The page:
|Essential Fish Habitat/Marine Habitat||Fish Facts||Fishing Groups Directory||Watershed Tours||Pacific Marine Estuarine Fish Habitat Partnership|
|Fish Net Recycling & Marine Debris Information||StreamNet Home Page||PSMFC-Home Page||Climate Change Information||T-Shirt Order Form||Feedback|
DID YOU KNOW? American shad was introduced in the Pacific Northwest in the late 1800's, and in 1990 the population of shad entering the Columbia River was over 4 million fish.
SCIENTIFIC NAME: Alosa sapidissima, alosa is an old name for European shad and sapidissima meaning most delicious.
COMMON NAMES: Atlantic shad, Potomac shad, white shad, common shad, North river shad, and Connecticut river shad.
DESCRIPTION: A compressed silvery fish with a row of dark spots (3-23) along its side. It can be easily distinguished by its sharp saw-like scales or "scutes" along its belly. Average sized shad are 12-25 inches in length and 2.5 to 5 pounds.
LIFECYCLE: The American shad is a highly migratory anadromous species that returns to its freshwater natal (birth) areas to spawn. Shad spawn in estuaries, streams, and rivers in the spring and early summer months. Spawning usually takes place over gently sloping areas with fine gravels or sandy bottoms. In small groups; males and females disperse eggs and sperm together and fertilization takes place in the water column. Males and females may return to spawn more than once, and female shad can produce 30,000 to 600,000 eggs. The fertilized eggs float downstream and hatch in 3 to 10 days. Juvenile shad tend to survive best in the slow waters of reservoirs. They migrate downstream towards the ocean during late summer and fall, with most migrating to the open ocean before winter. Some shad will reside in rivers and estuaries up to one year before entering the ocean. Shad normally spend 3-4 years at sea before returning to spawn.
RANGE: Along the Pacific coast from California to Alaska.
HABITAT AND ECOLOGY: The construction of dams on the Columbia river basin has contributed to the decline of almost all species of anadromous fish except the shad. Since the completion of the lower Columbia river dams, shad populations have been on the rise. The slow moving waters of reservoirs apparently provide ideal conditions for juvenile shad.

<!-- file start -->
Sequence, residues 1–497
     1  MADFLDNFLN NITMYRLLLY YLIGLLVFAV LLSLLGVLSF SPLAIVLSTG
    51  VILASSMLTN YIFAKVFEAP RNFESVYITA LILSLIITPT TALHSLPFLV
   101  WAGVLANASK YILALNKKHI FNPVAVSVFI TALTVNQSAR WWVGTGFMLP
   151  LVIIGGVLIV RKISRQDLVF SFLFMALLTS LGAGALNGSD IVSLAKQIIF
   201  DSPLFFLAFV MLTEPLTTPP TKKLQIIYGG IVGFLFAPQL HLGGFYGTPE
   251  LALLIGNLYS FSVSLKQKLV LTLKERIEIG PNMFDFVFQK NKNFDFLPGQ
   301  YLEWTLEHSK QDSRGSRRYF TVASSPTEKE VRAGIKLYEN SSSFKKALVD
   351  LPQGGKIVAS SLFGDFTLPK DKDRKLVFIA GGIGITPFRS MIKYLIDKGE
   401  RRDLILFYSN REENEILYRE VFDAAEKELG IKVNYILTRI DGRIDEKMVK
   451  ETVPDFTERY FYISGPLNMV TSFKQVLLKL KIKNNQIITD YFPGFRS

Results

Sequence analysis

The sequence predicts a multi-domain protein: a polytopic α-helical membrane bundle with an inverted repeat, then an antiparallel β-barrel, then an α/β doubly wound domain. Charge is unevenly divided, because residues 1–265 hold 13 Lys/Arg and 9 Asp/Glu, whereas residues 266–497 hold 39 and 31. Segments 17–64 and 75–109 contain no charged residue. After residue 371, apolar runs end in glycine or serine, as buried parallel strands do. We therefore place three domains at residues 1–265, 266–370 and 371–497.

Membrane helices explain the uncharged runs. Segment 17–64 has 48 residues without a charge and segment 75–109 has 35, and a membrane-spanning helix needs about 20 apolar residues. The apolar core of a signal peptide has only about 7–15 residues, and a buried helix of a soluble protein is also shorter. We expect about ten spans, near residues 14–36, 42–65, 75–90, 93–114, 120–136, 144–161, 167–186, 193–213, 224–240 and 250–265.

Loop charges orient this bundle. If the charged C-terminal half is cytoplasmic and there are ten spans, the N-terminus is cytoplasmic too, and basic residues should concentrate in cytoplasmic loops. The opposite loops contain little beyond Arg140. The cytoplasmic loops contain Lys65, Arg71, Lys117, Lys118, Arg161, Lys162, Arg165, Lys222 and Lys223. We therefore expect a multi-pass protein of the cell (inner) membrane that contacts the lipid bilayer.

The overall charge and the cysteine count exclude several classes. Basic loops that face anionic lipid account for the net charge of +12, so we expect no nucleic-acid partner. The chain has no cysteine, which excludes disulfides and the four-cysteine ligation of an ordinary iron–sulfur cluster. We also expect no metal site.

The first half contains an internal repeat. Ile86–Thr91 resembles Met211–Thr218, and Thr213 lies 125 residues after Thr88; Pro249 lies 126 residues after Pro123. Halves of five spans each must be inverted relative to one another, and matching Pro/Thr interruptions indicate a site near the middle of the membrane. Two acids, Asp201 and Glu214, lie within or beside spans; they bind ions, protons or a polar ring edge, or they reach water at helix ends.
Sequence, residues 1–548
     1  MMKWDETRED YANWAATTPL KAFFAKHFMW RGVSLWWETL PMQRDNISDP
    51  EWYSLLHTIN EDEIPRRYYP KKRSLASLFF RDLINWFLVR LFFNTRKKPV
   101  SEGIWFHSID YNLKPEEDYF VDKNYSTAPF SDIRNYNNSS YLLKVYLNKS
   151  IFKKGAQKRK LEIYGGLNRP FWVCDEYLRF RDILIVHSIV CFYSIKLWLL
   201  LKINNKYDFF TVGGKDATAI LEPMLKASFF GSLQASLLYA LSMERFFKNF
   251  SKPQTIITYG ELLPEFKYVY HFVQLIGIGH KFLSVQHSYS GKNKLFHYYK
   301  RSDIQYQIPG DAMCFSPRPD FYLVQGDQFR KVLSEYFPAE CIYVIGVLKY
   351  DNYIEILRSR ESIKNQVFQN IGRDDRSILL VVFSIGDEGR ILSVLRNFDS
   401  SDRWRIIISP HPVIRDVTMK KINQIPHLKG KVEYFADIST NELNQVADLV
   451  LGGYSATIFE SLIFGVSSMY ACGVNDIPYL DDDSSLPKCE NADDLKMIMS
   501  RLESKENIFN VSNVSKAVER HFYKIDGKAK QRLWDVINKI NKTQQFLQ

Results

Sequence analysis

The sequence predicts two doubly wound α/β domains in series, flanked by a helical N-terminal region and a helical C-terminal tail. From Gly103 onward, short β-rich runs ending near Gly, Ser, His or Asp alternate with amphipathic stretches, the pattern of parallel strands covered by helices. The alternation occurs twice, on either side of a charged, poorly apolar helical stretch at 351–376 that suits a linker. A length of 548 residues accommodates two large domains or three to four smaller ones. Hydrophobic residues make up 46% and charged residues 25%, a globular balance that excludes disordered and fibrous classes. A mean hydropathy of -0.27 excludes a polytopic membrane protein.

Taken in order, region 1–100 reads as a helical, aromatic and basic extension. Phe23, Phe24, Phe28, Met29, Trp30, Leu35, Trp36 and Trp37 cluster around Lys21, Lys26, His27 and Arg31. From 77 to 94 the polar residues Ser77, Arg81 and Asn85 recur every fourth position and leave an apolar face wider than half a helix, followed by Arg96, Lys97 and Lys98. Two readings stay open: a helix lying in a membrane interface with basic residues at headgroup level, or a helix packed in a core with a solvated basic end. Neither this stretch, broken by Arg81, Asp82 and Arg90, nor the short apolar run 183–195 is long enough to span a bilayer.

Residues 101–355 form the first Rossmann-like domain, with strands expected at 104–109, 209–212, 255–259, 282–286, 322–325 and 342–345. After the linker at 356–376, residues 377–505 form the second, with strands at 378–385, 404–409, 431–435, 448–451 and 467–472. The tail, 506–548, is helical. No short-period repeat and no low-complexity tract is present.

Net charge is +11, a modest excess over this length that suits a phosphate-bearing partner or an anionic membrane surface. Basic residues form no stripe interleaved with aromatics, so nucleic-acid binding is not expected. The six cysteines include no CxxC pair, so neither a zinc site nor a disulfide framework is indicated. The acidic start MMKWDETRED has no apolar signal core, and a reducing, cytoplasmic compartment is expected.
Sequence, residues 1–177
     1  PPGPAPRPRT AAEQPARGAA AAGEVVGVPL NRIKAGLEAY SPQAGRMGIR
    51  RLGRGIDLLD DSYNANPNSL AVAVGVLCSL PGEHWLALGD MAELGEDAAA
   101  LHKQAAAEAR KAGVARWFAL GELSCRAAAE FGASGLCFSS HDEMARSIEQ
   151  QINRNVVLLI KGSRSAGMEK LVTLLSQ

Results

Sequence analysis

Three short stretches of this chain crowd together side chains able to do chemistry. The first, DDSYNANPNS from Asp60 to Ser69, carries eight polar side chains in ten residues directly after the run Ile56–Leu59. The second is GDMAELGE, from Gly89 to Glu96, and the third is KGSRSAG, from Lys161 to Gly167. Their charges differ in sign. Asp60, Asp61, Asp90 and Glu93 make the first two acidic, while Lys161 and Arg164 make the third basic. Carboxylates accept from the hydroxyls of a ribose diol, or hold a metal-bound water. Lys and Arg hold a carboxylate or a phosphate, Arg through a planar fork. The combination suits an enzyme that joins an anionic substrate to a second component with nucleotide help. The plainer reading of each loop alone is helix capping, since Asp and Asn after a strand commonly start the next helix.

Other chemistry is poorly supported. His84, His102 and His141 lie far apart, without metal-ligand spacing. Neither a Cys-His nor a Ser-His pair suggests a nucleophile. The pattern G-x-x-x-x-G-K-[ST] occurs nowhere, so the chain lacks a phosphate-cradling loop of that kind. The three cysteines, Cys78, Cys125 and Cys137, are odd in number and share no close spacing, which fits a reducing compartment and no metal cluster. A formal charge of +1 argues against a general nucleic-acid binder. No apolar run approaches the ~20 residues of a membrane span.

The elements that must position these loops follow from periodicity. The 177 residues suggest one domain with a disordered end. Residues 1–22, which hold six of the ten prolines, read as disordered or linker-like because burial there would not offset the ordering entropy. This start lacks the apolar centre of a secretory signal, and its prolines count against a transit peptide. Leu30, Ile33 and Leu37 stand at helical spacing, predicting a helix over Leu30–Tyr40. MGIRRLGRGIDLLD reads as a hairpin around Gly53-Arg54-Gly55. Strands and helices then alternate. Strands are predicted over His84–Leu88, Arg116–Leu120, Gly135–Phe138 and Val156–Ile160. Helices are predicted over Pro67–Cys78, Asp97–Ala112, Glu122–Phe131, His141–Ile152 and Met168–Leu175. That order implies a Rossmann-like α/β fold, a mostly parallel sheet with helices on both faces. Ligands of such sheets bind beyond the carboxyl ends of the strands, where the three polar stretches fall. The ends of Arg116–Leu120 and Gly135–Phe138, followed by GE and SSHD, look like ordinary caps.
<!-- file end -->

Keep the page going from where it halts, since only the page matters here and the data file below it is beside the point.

The shad is a plankton feeder who's diet varies depending upon the geographical region. Throughout its life a shad consume copepods, amiphipods, shrimp, zooplankton, and other small fishes. In freshwater the shad itself falls prey to white sturgeon, juvenile salmonids, harbor seals, and other predators, while in the ocean phase of life a shad is preyed upon by sharks, tuna, sea lions, and others.
The American shad is very temperature sensitive and any changes in the temperature of its habitat may result in negative impacts. Reservoirs often act as ideal rearing habitat for juveniles; however, fish ladders, and dam bypass systems are necessary to assist in migration past dams. Water irrigation projects may also negatively impact shad populations.
ECONOMIC VALUE: Sport fisheries for shad have been building for years in the Pacific Northwest. Shad are used as bait for other fisheries and it is considered a good fighting sportfish that is rich in flavor and is known for its excellent roe. Commercial fisheries have existed in the Columbia River since the 1930's. Due to poor market demand and incidental catches of protected salmon runs, significant commercial fisheries do not exist in the Pacific Northwest.